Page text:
Toddler Dies At Water Park From Bacteria

( – A beloved toddler, cherished by his parents, tragically lost his life to a brain infection caused by a dangerous amoeba after playing at a splash pad in an Arkansas country club.

On September 4, 16-month-old Michael Alexander Pollock III passed away due to the rare brain infection caused by Naegleria fowleri, while his parents, Michael Jr. and Julia Pollock, were away, as reported by Arkansas Online.

The Arkansas Department of Health confirmed the cause of death in a statement, revealing that the toddler likely contracted the brain-eating amoeba while playing in a splash pad at a country club in Little Rock, Arkansas. Water samples sent to the Centers for Disease Control and Prevention (CDC) confirmed the presence of the amoeba.

In response to the tragic event, the Country Club of Little Rock proactively closed its pool and splash pad. Health officials assured the public that there was no ongoing risk, emphasizing that such infections are exceedingly rare, with only about three cases occurring in the United States each year, albeit typically resulting in fatalities.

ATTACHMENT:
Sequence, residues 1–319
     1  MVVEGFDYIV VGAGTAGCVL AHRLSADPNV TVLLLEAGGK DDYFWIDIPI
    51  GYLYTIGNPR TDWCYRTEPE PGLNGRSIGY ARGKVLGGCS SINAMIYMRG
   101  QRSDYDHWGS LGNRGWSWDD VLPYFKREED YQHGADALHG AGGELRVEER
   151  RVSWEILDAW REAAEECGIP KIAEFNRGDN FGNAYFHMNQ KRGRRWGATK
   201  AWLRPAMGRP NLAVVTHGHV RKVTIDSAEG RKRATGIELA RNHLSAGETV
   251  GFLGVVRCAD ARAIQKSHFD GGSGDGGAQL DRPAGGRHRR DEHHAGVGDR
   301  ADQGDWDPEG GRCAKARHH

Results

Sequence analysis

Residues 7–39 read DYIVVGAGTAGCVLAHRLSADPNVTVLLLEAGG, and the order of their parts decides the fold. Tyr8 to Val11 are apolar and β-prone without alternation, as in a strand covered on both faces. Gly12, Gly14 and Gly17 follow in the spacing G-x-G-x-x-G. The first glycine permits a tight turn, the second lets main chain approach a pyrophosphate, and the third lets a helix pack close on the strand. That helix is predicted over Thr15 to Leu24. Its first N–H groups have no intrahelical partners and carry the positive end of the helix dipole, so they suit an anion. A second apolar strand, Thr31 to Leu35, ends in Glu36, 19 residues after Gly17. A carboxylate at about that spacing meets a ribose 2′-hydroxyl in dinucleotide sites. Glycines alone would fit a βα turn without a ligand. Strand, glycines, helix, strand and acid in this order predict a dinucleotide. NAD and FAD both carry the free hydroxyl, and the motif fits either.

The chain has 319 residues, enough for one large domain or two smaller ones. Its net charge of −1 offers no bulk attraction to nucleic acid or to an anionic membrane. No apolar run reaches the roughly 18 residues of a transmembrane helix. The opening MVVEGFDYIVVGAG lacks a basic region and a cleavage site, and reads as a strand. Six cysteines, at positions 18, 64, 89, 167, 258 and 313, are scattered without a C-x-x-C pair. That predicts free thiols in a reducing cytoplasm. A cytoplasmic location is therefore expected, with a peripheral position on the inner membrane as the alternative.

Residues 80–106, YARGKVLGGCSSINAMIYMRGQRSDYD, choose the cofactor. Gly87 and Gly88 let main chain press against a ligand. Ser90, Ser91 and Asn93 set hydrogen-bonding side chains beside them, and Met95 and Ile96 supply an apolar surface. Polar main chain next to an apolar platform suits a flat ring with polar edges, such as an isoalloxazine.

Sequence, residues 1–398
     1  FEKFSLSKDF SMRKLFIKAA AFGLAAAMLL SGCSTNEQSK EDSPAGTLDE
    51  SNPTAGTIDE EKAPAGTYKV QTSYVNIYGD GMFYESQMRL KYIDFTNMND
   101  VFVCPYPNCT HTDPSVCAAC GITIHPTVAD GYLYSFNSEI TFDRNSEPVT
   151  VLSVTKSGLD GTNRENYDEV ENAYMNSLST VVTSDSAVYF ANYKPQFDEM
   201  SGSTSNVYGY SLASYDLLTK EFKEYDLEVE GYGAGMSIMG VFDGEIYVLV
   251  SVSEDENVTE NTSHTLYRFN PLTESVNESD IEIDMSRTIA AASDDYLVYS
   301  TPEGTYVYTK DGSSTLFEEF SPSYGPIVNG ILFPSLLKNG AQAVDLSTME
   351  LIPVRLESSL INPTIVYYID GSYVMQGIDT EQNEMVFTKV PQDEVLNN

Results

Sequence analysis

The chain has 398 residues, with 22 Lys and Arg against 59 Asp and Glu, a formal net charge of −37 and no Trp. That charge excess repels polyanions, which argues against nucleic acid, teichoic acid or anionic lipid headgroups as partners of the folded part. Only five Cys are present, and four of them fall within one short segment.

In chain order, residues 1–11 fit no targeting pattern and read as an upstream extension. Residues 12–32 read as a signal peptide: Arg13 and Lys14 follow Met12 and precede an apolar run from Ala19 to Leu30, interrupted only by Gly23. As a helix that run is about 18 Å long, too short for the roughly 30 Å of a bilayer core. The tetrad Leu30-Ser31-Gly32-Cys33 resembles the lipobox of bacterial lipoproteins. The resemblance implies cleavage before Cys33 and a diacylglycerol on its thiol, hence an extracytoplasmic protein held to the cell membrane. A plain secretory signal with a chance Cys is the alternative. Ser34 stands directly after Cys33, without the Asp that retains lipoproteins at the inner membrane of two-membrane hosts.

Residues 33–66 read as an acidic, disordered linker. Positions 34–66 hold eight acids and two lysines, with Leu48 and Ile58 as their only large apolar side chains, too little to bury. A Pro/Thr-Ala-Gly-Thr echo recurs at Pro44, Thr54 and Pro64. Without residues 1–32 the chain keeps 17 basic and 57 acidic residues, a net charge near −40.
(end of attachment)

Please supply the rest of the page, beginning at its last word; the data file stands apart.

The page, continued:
In the touching obituary for the young child, his parents celebrated his brief but impactful time on Earth. Michael, born on April 24, 2022, profoundly touched the lives of family, friends, and even strangers with his radiant smile and playful spirit.

The CDC highlights that Naegleria fowleri thrives in warm water, particularly at temperatures up to 115°F, making the summer months of July, August, and September the highest-risk period. Climate change is posited by experts to potentially increase the prevalence of Naegleria fowleri infections, as rising air and water temperatures and altered water levels create a more conducive environment for the amoeba to thrive.

Symptoms of the brain-eating amoeba infection typically manifest around five days after exposure, often beginning with headaches, nausea, fever, and/or vomiting. As the infection progresses, individuals may experience confusion, a stiff neck, disorientation, hallucinations, seizures, and ultimately, coma. The time between infection and death can range from one to 18 days, with an average of five days, according to the CDC.